BioWorld International Correspondent

MorphoSys took on its 18th research partner - Schering-Plough Corp. - which has signed a two-year R&D agreement that provides it with access to MorphoSys' HuCal GOLD antibody library.

Kenilworth, N.J.-based Schering-Plough will install the platform at its research site in Palo Alto, Calif. It has an option to extend the contract for three more years and to develop therapeutic antibodies against up to 10 disease-related targets.

Terms were not disclosed, but Munich, Germany-based MorphoSys receives an up-front payment, annual user fees and optional R&D funding.

It also would gain license and milestone payments from future clinical development programs based on the HuCal technology, as well as royalties on eventual product sales.

The deal comes amid renewed interest in antibody-based biotechnology companies, following London-based AstraZeneca plc's agreed cash-based takeover of Cambridge Antibody Technology (CAT) Group, which values CAT at £702 million (US$1.3 billion). (See BioWorld International, May 16, 2006.)

However, MorphoSys CEO and co-founder Simon Moroney told BioWorld International that the company aims to develop independently.

"We believe that MorphoSys has a very attractive independent future, and we want to continue down that track," he said.

The CAT deal, along with the recent takeover of Fremont, Calif.-based Abgenix Inc. by Thousand Oaks, Calif.-based Amgen Inc. has been positive for MorphoSys, he said, as it underlines the importance of antibody-based drugs. "I think it certainly improves our competitive situation," Moroney added.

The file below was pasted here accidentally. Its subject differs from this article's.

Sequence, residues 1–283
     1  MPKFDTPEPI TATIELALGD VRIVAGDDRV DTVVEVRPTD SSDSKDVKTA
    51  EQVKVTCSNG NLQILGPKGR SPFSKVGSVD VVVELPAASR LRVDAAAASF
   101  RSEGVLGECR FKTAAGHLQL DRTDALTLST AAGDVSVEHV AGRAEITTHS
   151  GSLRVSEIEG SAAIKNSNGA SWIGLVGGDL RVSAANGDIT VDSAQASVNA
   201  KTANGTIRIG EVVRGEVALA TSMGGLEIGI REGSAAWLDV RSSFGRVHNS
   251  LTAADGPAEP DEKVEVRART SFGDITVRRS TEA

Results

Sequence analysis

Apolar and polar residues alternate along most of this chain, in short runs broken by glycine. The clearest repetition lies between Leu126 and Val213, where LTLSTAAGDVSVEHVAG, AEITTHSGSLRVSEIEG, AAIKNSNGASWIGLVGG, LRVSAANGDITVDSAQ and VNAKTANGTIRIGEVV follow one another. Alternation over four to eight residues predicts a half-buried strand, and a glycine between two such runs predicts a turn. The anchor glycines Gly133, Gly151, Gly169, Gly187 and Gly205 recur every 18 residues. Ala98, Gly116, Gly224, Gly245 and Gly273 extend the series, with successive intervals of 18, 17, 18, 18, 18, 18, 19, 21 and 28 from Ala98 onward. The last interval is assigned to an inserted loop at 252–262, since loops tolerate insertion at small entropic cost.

The company has estimated revenues of €50 million (US$64.2 million) for the current year and a net profit of €1 million. It already has reported €14.8 million in revenues and €4.9 million in net income for the first quarter.

Two-thirds of its business is derived from its therapeutic antibodies segment, which includes its research and development agreements with biotechnology and pharmaceutical firms and its proprietary drug development pipeline, which comprises two preclinical programs. The company aims to develop those further before seeking partners.

The remaining third of the business is focused on the production of both custom-generated and catalogue antibodies for the research market. The company made two acquisitions in the area of late: Oxford, UK-based Serotec Ltd. and Poole, UK-based Biogenesis Group. It is on the lookout for more, and it has about €60 million in cash that will help it to execute future transactions, Moroney said.

"It's a very fragmented industry. There are a number of interesting companies out there," he added. The company aims to establish its human antibody platform as a standard in the $1 billion research market. "It's completely dominated by old technologies, by animal technologies," he said.

"I do not like that part of the business that much," Martin Possienke, analyst at Frankfurt-based Equinet Institutional Services AG, told BioWorld International.

"If they are successful on that side, it can be a substantial new column in the MorphoSys model, of course," he added.

Its therapeutic antibody business has better potential to deliver high margins, though, he said. "I think this is the most important story about MorphoSys because it can be seen as a broadly diversified portfolio."

So far, just two HuCal-derived antibodies have entered clinical development. GPC Biotech AG, of Munich, is evaluating 1D09C3 in B-cell lymphomas, and F. Hoffmann-La Roche Ltd., of Basel, Switzerland, is developing an antibody-based therapy for Alzheimer's disease.

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